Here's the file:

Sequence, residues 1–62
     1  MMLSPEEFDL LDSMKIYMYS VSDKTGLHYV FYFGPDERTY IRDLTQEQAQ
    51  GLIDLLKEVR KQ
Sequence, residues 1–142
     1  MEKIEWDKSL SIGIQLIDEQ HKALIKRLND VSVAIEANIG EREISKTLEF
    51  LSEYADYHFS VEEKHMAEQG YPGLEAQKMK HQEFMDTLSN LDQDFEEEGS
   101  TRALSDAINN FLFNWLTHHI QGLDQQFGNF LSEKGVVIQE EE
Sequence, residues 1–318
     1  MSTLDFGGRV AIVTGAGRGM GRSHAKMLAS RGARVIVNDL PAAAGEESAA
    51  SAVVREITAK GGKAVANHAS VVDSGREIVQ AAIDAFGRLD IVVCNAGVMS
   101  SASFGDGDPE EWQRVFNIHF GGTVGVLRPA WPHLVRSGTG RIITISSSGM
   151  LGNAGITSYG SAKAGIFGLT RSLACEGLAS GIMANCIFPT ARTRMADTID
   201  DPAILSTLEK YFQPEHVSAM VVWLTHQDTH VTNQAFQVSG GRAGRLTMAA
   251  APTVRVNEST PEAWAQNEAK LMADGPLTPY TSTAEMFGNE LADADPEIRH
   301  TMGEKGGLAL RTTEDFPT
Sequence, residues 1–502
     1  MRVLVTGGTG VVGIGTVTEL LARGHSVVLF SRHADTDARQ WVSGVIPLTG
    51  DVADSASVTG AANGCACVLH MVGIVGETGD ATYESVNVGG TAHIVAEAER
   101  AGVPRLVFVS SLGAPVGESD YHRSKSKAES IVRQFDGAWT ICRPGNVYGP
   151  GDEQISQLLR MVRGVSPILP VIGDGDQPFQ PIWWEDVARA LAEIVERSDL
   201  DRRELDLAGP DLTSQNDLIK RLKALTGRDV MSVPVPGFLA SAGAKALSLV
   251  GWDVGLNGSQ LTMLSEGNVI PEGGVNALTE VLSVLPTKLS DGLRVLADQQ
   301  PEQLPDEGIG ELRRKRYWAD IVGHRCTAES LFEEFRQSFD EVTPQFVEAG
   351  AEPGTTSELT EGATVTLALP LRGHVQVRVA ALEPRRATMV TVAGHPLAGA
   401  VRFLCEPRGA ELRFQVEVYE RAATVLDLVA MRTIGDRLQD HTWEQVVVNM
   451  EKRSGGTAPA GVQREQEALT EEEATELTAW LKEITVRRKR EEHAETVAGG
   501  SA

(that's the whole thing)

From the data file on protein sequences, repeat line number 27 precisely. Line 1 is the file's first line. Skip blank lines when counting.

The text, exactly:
   501  SA